The 'al Qaida' air force is somewhat lacking in assets to confront ours. Hell, they don't even have radar, so why do we need brand-new 'stealth' planes?

    So just exactly WHO are we going to go to conventional, all-out war with?

    But the most compelling reason to shut down the whole damn F-35 program is this: the development of autonomous aircraft (Global Hawk, BAMS, etc., NOT drones) means that we aren't that far from being able to field self-guided, pilotless fighter planes.

    Without a human aboard, these planes will be smaller, lighter, faster, and WAY more maneuverable than any piloted plane, and, BTW, far less expensive to boot.

    On top of all that, how can you dog-fight with a plane that, if you ever do manage to get on its tail, will happily self-destruct right in front of you in such a way that you can't help getting destroyed as well?

    So, in 10 to 20 years the entire 'top-gun' fighter pilot concept will be totally obsolete. In spite of this, we are committed to spending well over $1 trillion on the F-35 program.... why?

    I suspect it's because that the fighter jocks know all this, and want to get as many of these new planes built, because once we have them, we'll keep them. (witness the F-22 and the B-1, for example).


    Disclaimer: my wife recently retired from a major aero-space company and worked on the F-35 program.

    Against stupidity the gods themselves contend in vain. Friedrich Schiller

    by databob on Mon Dec 10, 2012 at 11:06:07 AM PST

  •  I'm really glad you wrote that post (1+ / 0-)
    Recommended by:
    Andrew F Cockburn

    There are aspects to what you wrote that I have barely even considered before. In writing this Diary it was hard for me to decide which tangents in it to pursue further.

    I have essentially the same piece up at Democratic Underground but with a different subjext header: "New Poverty Window Opens: 55 to 67"  But I felt some discussion of the cost of the F-35 program was important to encourage given the budget choices facing us right now.

  •  Just a minor point (4+ / 0-)
    Recommended by:
    Tom Rinaldo, Andrew F Cockburn, kurt, FG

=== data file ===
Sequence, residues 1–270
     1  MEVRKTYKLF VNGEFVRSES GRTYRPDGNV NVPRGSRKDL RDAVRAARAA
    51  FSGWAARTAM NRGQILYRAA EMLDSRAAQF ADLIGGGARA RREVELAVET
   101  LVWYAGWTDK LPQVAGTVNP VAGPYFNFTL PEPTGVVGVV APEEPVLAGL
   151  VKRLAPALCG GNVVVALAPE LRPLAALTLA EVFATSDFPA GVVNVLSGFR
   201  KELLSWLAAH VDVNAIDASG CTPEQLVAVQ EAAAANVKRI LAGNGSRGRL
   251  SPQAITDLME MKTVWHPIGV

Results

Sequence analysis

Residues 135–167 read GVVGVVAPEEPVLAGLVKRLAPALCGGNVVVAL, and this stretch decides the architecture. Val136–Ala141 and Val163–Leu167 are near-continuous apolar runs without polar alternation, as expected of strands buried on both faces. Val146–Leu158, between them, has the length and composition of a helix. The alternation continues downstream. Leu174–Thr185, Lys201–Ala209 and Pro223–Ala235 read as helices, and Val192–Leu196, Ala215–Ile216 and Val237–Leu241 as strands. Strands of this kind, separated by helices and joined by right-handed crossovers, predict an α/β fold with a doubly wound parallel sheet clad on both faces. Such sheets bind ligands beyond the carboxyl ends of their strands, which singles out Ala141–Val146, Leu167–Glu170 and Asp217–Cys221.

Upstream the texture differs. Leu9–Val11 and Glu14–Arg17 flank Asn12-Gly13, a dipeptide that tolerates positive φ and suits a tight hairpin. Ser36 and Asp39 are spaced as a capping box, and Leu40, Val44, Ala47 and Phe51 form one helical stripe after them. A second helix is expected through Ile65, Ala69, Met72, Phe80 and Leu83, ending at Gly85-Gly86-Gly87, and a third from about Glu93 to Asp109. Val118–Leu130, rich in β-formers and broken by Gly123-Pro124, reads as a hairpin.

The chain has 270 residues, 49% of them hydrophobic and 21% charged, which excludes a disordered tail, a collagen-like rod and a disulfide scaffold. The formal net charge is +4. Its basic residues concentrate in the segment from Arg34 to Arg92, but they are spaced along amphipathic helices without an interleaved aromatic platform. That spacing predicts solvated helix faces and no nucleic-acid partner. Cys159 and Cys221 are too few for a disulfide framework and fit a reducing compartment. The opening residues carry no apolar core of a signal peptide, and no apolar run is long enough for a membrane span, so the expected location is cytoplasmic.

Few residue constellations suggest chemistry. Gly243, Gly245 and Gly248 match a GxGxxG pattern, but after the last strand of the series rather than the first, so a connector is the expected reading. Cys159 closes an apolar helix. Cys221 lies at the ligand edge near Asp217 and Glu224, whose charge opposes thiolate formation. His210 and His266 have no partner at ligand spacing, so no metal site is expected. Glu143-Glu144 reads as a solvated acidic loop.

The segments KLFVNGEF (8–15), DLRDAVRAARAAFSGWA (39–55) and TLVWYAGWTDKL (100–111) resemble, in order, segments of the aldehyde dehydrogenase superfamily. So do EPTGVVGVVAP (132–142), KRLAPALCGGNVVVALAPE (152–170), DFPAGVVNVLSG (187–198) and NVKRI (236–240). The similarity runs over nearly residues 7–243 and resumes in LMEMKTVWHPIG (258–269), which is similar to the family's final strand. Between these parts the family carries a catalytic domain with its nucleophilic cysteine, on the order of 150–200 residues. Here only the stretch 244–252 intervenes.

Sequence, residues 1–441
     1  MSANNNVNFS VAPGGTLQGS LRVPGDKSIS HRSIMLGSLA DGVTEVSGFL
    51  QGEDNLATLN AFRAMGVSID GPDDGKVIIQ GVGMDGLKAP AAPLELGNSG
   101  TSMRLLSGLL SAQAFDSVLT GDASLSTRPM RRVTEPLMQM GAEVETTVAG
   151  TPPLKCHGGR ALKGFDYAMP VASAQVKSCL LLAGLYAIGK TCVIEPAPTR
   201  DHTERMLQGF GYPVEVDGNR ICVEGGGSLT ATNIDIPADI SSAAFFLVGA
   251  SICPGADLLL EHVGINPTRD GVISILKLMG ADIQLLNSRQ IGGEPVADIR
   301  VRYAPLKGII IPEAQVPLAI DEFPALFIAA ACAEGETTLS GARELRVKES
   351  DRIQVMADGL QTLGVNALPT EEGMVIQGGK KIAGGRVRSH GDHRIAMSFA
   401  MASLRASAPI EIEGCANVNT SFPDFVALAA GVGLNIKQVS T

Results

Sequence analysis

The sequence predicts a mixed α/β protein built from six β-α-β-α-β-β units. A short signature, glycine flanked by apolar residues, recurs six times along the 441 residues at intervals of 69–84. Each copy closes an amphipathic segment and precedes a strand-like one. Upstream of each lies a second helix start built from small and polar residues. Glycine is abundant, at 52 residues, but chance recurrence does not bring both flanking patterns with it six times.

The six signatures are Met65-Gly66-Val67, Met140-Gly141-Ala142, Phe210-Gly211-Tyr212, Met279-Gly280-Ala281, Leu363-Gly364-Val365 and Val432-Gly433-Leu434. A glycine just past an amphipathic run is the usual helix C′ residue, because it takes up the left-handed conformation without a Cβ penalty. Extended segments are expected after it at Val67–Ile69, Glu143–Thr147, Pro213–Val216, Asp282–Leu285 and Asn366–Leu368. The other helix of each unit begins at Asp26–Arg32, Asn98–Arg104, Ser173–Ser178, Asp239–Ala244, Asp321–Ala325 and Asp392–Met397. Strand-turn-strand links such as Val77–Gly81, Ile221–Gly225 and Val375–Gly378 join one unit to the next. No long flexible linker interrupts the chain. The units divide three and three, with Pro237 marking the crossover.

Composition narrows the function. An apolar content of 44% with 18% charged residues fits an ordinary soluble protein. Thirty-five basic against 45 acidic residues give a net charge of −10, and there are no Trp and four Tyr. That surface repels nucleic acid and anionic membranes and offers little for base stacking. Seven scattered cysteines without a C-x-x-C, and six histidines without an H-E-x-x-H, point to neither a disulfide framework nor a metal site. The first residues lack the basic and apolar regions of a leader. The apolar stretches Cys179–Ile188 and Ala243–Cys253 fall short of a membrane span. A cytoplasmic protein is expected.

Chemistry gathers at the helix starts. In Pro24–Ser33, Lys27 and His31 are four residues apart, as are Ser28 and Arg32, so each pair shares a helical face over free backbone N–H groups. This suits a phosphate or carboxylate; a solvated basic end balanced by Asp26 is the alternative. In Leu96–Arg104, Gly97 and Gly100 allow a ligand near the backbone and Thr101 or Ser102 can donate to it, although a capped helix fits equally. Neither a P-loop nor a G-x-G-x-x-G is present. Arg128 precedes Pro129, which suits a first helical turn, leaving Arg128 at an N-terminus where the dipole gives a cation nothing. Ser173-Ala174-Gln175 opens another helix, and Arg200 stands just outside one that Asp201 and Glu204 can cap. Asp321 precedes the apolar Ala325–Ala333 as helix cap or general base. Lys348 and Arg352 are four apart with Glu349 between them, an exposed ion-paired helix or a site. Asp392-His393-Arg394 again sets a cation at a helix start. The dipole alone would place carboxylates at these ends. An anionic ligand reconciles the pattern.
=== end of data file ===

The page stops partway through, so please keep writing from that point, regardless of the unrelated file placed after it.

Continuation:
"Most Americans" are NOT living longer, it's much more complex than that.

    Most wealthy Americans are living a few years longer. The better their lifetime healthcare, diet and lifestyle, the longer they live.

    Most poor Americans are really not living much longer at all, and those averages are compounded by fewer childhood deaths.

    I hope that the quality of debate will improve,
    but I fear we will remain Democrats.

    by twigg on Mon Dec 10, 2012 at 11:54:29 AM PST

    •  Point well taken (1+ / 0-)
      Recommended by:
      Andrew F Cockburn

      I was aware that wealthier Americans are the ones who have seen significant increases in life expectancy and that poor Americans die much sooner and are even starting to live shorter lives. I thought "most Americans are living longer" was a reasonable generality to make as I meant it in the context of comparison to the 60's when Medicare was first created.

  •  Actually... (2+ / 0-)
    Recommended by:
    Andrew F Cockburn, kurt

    Americans aren't living longer anymore.  A subset of them are, but the number of premature and preventable deaths, particularly among minorities is growing.

    And this generation of Americans who are today children will likely not live longer than their parents.

    (Just got back from a rural health conference, where they spend a great deal of time talking about stuff like this).

    Words can sometimes, in moments of grace, attain the quality of deeds. --Elie Wiesel

    by a gilas girl on Mon Dec 10, 2012 at 03:12:57 PM PST

    •  Yes. And it's sad (0+ / 0-)

      But I mostly meant living longer today than Americans were living when Medicare was first established. Raising the Medicare age to 67 will most certainly cause some people to die younger than they otherwise would have, by putting off medical care untill it can be covered